8 Tips for a Successful Procurement Transformation

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8 tips for a successful procurement transformation

What do we mean by procurement transformation, and how do you accomplish it in an organization with a multi-million dollar spend portfolio, and thousands of employees around the globe?

The ultimate goal of procurement transformation today is not just savings and process optimization. Increasingly, procurement management organizations are looking to shift from a reactive internal customer service function to a strategic function that brings innovation and competitive advantages to the business.

That means overhauling processes, rethinking the operating model, and bringing in new technology to support both—all in relatively short order. It can seem overwhelming, but at Coupa Inspire, KPMG Procurement Practice Lead Dipan Karumsi, and KPMG Program Manager Jaclyn Slotman took us through eight key tactics for process optimization design, operating model development and change management that their group has honed over the course of many Coupa implementations for complex global enterprises. These include:

1. Parallel development
When you’re going to transform the operating model, the technology, and the end-to-end process, it can be hard to figure out where to start. To drive speed to value they suggested working these in parallel, looking at the technology as well as all of the processes and the people to make sure that decisions are cohesive across all three components. That means working in close partnership with technology providers and relevant internal stakeholder groups to keep everyone moving in tandem as you touch each component.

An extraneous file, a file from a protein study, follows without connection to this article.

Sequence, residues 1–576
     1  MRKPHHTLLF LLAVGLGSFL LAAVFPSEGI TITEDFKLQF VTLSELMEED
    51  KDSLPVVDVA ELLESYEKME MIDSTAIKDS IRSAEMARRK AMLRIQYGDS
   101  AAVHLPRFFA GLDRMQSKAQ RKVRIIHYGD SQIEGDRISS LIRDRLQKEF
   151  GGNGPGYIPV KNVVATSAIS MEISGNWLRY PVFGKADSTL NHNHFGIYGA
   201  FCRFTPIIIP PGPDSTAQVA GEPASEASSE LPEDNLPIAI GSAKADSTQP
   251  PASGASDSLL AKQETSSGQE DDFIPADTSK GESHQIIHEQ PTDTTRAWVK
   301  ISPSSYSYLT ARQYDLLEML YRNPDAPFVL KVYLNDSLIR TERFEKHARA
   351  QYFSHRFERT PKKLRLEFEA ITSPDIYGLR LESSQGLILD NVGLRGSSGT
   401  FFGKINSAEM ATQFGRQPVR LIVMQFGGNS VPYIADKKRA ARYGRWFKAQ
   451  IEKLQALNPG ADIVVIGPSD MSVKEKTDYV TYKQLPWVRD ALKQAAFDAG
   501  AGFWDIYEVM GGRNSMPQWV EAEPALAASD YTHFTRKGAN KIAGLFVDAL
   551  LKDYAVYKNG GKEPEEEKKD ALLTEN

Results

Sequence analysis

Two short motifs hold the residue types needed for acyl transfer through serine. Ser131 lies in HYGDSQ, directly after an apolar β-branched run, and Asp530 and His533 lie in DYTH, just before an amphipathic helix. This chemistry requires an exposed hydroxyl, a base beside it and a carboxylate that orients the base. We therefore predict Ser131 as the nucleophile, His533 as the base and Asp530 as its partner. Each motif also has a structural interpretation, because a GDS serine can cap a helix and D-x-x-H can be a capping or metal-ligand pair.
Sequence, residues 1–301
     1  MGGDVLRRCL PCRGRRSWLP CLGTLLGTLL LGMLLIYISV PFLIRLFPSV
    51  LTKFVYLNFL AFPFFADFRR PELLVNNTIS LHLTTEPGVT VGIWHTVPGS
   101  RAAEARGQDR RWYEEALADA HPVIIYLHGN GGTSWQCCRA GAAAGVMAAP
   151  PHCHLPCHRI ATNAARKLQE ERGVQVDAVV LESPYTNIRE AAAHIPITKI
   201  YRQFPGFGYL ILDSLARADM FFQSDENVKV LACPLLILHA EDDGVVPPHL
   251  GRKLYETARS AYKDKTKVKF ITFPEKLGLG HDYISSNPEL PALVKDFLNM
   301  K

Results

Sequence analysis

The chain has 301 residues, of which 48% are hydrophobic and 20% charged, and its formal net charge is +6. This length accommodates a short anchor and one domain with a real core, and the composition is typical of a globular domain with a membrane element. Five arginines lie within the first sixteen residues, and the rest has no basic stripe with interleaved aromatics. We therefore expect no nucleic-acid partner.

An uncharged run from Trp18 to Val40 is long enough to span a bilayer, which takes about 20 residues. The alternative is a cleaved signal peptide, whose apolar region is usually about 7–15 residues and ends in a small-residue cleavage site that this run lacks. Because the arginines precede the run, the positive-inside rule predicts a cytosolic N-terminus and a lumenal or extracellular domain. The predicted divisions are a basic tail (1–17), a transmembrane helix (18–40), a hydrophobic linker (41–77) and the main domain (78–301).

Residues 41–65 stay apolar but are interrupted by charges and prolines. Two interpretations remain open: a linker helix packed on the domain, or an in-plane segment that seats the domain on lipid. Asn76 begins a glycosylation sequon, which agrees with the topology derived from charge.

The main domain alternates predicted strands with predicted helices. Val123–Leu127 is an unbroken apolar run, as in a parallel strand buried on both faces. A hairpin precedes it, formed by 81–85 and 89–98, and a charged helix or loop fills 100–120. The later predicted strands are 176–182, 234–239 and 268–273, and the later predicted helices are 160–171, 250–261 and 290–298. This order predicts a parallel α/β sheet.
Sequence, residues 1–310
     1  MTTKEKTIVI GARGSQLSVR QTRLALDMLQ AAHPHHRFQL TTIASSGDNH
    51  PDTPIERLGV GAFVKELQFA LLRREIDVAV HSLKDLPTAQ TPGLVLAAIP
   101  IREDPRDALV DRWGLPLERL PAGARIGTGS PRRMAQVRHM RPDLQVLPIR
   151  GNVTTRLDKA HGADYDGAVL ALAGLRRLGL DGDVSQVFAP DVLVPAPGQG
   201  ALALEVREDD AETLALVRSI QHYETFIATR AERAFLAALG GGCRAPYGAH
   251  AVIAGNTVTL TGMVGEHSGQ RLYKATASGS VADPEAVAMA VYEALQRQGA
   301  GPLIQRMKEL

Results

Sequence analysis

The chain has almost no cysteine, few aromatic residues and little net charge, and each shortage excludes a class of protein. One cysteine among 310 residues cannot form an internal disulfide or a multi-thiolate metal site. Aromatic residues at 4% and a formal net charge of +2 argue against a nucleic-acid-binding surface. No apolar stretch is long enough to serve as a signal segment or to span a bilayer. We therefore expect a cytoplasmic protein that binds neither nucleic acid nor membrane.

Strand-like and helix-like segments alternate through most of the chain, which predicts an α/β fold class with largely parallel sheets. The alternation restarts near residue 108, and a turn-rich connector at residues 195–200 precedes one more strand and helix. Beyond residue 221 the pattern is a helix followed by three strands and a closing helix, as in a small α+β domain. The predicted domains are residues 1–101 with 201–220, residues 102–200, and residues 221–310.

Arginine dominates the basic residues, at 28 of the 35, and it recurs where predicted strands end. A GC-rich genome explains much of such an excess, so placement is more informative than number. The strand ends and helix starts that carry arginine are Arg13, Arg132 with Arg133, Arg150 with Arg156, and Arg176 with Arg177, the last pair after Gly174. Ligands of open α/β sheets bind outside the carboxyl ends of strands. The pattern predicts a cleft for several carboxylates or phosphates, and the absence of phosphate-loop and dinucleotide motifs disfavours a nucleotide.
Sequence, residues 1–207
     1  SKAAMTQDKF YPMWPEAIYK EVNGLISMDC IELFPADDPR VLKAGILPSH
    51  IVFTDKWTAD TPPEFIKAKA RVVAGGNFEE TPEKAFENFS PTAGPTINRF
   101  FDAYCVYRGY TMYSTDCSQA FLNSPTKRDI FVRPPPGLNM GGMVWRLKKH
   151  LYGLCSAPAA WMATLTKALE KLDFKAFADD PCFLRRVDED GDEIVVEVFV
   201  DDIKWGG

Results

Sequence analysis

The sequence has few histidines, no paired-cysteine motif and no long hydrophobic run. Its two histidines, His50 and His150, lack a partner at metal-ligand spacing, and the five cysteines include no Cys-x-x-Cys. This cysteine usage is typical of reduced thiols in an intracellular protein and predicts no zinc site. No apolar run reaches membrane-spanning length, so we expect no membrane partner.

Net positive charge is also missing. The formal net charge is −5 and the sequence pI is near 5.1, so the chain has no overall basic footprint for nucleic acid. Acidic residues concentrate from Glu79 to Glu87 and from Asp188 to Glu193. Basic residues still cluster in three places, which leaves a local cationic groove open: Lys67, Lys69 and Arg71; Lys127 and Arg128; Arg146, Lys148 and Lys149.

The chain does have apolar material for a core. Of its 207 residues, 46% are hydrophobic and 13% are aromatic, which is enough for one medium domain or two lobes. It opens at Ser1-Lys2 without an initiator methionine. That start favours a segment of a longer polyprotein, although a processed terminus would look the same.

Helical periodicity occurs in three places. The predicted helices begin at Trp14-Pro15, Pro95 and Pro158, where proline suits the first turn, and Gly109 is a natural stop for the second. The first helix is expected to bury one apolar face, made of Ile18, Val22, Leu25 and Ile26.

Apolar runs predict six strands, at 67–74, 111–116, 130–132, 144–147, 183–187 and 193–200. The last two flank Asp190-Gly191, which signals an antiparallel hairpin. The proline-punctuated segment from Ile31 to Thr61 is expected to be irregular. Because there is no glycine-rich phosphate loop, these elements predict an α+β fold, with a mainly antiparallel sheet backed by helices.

2. One menu, many cooks
One of the goals of procurement transformation is to standardize on a single point of entry into a unified, global purchasing process. Think of a restaurant where customers are presented with one menu, yet there are many functions needed to deliver a cohesive dining experience. Similarly, procurement is tasked with presenting one view that aligns sourcing, legal, risk, finance, etc. all sitting together to provide an integrated purchasing experience.

3. Creating centers of excellence
Many global organizations grow through mergers and acquisitions, or by steady expansion into new markets, eventually creating a complex and often overlapping structure of regions and business units. It’s not uncommon for procurement to get into a situation where the same sourcing managers that are working on multi-millions dollars strategic deals are also handling $50,000 commodity deals.

Sourcing centers of excellence (COEs) help teams refocus on strategic sourcing and supplier management efforts within assigned categories. These can be organized around regions or business units, with the goal of bringing scale and eliminating duplication of effort.

4.Playbooks and bootcamps

Meticulous supporting documentation and training are required to support changes across a global organization. A playbook is useful in documenting the implementation, along with everything people in all the different roles need to do in order to do their day-to-day jobs. Training bootcamps bring people together from around the globe to solidify the new processes. These are also an opportunity for team building, and unifying everyone around the new vision.

5.Usability testing